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...Antitrust Is Breaking New Ground


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...Antitrust Is Breaking New Ground

In America today, where few people can agree on anything, everyone favors innovation. No wonder. In a New Economy based on rapid technological change, innovation is the driving force for growth. Which is why the Justice Dept., in a radical change of policy, is making innovation the keystone for its antitrust policy. The primary justification for breaking Microsoft in two is promoting innovation. But unless the government spells out clearly exactly what its pro-innovation trustbusting policy means, there is danger that the New Economy could be hurt rather than helped (page 40).

This nascent antitrust policy needs a lot of work. First, the trustbusters must decide where to extend it after Microsoft. Our suggestion is to move cautiously and focus on making sure that access to network platforms remains open. Keeping networks open and allowing them to grow is legitimate business for antitrust policy in the New Economy. The Federal Communications Commission already is looking into America Online Inc., which is blocking some small companies from connecting to its popular instant-messaging network. And as access to the Internet shifts to broadband cable, keeping open access will become harder. Unlike phone companies, cable outfits are allowed to decide who gets on and who doesn't. If innovation is to be promoted, open access to cable must be a goal.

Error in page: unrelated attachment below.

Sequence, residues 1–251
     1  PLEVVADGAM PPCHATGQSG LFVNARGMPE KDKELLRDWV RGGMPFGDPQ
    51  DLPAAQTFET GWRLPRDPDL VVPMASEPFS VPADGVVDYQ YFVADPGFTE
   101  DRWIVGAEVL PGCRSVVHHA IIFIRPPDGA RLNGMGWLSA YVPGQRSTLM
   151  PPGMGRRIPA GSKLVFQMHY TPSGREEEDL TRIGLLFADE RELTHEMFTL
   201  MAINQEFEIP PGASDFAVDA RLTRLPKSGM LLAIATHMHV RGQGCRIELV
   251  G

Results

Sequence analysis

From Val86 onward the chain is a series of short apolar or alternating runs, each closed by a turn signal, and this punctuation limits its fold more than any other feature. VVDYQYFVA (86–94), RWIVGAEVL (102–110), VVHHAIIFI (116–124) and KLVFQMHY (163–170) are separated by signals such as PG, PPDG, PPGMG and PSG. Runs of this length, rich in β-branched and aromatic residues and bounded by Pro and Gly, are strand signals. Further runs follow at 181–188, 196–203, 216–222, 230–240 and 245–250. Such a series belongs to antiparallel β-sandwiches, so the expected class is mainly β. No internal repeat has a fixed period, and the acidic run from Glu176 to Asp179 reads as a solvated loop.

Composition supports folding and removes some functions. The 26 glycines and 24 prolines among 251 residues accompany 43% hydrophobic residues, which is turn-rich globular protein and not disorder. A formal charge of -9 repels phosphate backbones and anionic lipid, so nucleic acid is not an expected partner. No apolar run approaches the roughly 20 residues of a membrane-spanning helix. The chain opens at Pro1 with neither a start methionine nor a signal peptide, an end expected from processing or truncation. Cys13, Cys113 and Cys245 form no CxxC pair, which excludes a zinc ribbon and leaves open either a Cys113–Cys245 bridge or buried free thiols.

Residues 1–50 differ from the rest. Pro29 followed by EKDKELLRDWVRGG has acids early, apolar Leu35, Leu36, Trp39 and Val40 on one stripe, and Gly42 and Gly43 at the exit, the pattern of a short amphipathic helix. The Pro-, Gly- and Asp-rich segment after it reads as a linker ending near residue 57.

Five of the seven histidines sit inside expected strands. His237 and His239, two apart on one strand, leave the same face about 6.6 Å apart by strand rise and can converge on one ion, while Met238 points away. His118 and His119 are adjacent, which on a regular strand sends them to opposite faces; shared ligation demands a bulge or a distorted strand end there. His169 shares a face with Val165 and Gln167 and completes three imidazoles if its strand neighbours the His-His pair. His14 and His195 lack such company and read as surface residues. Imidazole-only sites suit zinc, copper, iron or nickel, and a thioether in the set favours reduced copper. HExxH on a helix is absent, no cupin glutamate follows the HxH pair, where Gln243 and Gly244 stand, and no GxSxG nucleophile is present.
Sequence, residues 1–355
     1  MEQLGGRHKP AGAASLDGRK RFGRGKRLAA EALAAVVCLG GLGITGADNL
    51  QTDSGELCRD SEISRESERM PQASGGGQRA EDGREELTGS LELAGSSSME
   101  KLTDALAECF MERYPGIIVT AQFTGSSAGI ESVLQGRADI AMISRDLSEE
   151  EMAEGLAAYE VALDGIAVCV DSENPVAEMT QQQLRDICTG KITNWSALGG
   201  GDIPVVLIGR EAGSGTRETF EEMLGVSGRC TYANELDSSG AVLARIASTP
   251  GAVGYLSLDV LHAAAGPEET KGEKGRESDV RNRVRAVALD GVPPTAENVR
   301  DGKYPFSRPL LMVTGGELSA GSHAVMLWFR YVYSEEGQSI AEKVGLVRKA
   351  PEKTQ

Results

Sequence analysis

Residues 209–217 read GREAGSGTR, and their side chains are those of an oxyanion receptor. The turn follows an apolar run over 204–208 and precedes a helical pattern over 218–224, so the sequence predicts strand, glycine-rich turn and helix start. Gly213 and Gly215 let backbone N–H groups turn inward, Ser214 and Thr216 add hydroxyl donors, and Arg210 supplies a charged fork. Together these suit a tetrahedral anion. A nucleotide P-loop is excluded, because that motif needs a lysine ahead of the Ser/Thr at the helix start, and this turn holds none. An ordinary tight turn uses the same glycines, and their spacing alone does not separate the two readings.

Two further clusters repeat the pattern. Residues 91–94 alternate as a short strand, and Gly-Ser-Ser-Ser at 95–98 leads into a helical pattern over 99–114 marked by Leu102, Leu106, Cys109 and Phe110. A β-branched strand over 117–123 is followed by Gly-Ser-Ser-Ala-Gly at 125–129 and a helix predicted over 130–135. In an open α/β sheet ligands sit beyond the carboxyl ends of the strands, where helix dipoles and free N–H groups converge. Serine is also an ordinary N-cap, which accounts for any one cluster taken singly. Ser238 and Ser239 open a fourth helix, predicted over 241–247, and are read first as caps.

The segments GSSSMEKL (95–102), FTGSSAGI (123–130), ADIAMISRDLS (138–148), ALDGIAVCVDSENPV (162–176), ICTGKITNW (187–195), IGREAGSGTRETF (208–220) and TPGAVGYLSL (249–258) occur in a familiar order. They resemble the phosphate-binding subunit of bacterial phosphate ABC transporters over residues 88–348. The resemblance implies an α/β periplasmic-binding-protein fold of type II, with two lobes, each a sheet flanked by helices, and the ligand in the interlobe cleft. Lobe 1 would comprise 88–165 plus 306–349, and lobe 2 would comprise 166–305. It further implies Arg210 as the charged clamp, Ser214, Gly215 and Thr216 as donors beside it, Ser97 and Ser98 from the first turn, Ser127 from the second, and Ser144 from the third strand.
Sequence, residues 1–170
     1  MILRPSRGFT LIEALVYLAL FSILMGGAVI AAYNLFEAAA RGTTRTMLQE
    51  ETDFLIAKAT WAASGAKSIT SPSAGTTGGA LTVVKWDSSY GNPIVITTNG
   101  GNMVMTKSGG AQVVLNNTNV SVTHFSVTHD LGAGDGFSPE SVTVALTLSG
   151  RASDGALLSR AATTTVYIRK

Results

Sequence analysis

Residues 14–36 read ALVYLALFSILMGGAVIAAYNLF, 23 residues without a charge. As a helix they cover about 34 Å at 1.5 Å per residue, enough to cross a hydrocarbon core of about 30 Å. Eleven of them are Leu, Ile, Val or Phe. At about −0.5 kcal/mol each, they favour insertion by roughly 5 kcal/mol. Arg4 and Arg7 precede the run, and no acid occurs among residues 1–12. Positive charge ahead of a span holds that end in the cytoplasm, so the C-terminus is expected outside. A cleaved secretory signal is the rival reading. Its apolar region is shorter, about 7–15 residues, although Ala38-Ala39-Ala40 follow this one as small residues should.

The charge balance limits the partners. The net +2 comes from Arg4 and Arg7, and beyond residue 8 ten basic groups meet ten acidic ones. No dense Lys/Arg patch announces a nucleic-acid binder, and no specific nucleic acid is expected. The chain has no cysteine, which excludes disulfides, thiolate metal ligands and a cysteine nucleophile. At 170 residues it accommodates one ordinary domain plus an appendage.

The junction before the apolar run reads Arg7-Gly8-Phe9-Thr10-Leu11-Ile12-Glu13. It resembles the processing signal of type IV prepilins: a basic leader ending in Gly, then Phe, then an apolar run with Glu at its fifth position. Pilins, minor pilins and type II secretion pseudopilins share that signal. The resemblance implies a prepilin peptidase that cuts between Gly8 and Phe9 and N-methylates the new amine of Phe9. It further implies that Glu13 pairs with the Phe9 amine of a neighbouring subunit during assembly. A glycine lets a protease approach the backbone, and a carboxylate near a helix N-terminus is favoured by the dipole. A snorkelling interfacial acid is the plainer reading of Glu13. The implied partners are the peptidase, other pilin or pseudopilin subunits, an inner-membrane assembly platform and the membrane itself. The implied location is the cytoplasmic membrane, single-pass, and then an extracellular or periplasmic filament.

Antitrust policy will also have to deal with the tendency of many high tech markets to move toward monopoly. Treasury Secretary Lawrence H. Summers, in a speech titled "The New Wealth of Nations," said that in an information based-economy "the only incentive to produce anything is the possession of temporary monopoly power." He argued that the creative destruction that comes from the pursuit of that monopoly power drives economic growth. If that's true, then policy must ensure that monopoly remains temporary by virtue of keeping markets open to new rival monopolists who can crush the old.

Old Economy antitrust policy based on pricing was relatively clean and simple. Writing the rules for an innovation-based antitrust policy is far more daunting. There are clearly risks, but if the government limits its involvement and clarifies its policy, the promotion of innovation in a New Economy is the right focus for antitrust policy.


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